LIFE AFTER DEATH
by Saint Paisios of Mount Athos
--Geronda [Elder], when a person dies, does he become immediately aware of his spiritual condition?
--Yes, he does, and says to himself, "What have I done?" But the result in fayda yok, [An expression in the Turkish language, which means: "There is no benefit, there is no progress or success".) that is, this awareness is of no benefit. This can be likened to a drunk man who kills his mother and goes on singing and laughing, but who, upon becoming sober and realizing what he has done, will wail and lament and say, "What have I done?" In much the same way, those who commit wrongdoings in this life are like drunken men. They don't understand what they're doing; they don't have a sense of their guilt. But when they die, this "drunkenness" disappears and they become aware of their real condition. The eyes of their soul are opened and they realize their guilt, because the soul, when separated from the body, moves, sees and perceives with an inconceivable speed.
Some people ask when the Second Coming will take place. But for the person who dies, the Second Coming is, in a way, taking place, because he is judged on the basis of the state in which he is found at the time of death.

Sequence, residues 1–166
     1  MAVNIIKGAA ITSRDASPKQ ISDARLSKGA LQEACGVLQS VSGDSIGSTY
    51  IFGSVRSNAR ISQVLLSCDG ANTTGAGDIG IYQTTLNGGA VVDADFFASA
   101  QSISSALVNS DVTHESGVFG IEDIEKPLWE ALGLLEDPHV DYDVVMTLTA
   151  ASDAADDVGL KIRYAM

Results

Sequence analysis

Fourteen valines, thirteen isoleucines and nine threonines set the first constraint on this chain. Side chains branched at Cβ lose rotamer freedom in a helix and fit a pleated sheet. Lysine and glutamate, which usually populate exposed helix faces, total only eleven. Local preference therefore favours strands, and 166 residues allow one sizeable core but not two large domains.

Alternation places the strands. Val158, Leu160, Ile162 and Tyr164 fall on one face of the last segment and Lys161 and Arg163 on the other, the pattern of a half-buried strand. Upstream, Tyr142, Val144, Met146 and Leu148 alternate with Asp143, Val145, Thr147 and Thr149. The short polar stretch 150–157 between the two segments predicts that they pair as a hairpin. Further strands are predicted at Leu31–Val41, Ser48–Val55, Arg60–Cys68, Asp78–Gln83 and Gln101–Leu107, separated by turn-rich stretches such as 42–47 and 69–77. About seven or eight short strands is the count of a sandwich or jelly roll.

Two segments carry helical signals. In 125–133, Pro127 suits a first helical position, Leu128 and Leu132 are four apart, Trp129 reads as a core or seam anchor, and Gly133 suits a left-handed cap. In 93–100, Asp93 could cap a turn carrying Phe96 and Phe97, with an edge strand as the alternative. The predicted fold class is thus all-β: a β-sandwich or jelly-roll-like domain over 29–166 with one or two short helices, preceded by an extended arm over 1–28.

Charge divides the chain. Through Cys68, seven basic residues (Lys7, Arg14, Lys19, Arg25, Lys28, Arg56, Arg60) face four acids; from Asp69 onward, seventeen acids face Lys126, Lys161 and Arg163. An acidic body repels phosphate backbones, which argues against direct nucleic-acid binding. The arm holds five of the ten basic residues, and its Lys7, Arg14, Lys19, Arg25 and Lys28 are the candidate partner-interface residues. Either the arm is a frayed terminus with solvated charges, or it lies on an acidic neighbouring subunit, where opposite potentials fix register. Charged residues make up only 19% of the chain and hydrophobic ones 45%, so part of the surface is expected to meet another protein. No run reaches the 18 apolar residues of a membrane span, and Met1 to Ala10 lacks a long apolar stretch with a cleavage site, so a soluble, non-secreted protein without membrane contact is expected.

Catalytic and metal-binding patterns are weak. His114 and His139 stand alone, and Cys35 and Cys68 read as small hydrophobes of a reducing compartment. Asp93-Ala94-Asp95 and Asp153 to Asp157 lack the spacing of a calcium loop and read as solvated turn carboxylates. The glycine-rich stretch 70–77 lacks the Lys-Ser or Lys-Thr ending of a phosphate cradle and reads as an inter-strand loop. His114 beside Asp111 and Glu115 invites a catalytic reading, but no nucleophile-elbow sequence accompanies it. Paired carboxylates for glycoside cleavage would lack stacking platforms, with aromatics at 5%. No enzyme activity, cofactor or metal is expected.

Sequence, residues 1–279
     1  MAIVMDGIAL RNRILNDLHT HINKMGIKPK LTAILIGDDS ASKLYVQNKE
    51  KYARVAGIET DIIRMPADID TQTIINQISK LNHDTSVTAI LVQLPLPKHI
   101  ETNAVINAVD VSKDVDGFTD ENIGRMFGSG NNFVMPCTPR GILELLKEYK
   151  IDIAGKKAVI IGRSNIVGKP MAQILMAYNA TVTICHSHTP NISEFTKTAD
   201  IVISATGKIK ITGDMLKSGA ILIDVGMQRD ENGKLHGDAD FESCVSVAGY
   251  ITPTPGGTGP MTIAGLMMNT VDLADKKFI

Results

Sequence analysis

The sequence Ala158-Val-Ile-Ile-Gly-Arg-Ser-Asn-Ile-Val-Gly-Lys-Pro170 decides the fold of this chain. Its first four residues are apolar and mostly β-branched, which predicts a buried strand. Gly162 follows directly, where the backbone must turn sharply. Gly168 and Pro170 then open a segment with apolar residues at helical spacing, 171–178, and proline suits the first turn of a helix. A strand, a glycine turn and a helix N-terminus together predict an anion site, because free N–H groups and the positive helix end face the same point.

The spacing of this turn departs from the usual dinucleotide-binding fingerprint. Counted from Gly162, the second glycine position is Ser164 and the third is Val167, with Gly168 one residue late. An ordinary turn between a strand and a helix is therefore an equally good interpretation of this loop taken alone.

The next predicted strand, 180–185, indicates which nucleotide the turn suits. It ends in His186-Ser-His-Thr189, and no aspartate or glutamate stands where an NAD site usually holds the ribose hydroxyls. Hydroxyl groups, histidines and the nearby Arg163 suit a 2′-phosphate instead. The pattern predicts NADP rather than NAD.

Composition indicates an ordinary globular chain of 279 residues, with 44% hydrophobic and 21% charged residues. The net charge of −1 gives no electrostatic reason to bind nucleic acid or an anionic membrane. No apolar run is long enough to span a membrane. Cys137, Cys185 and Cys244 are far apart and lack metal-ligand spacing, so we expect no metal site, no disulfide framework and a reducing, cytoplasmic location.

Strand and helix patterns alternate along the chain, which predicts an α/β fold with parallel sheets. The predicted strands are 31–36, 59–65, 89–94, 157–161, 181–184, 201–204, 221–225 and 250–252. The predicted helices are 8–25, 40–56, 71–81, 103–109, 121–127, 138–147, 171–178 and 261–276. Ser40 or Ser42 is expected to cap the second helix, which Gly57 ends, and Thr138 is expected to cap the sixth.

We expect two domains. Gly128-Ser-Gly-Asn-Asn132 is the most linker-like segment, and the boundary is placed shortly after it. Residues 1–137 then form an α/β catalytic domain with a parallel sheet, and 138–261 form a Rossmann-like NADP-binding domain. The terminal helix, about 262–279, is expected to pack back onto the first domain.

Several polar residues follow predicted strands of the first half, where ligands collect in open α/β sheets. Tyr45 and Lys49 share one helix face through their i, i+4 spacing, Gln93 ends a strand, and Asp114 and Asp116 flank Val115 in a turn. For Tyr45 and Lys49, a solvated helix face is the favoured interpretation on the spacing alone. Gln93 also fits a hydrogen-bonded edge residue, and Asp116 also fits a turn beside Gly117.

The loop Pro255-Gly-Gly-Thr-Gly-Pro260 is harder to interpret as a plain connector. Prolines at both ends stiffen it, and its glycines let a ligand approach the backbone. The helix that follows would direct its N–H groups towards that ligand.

--Geronda [Elder], in what state are the souls of the tormented found at this time?
--They are indicted, imprisoned, and suffer in accordance with the sins they had committed; and they await the final trial, the future Judgment. There are those who have been indicted, facing heavy sentences, and those who have been indicted, facing lighter sentences.
--What about the Saints and the thief? (St. Luke 23:32-33 and 39-43)
--The Saints and the thief are in Paradise; but they have not received the final glory, just as those who have been indicted are in hell but have not received the final sentence. Even though God has taught us from centuries ago: "Repent ye, for the Kingdom of Heaven is at hand?" (St. Matthew 3:2 and 4:17) He extends the time more and more, because He waits for us (with the pronoun "us", the Elder means all of humanity) to correct ourselves. But we, by remaining in our (unrepentant) misery, are unjust to the Saints because they cannot receive the final glory, which they are to receive after the future judgment.
St. Paisios the Athonite (source)
PRAYER AND MEMORIALS FOR THE DEPARTED
--Geronda [Elder], can the indicted souls who await trial pray?
--They are aware of their condition and seek help, but they cannot help themselves. Those who are in Hades desire only one thing from Christ: to live for five minutes in order to repent. We, who live, still have time for repentance, but those unfortunate ones who have fallen asleep cannot improve their condition on their own; they await help from us. This is the reason why we have an obligation to help them with our prayer.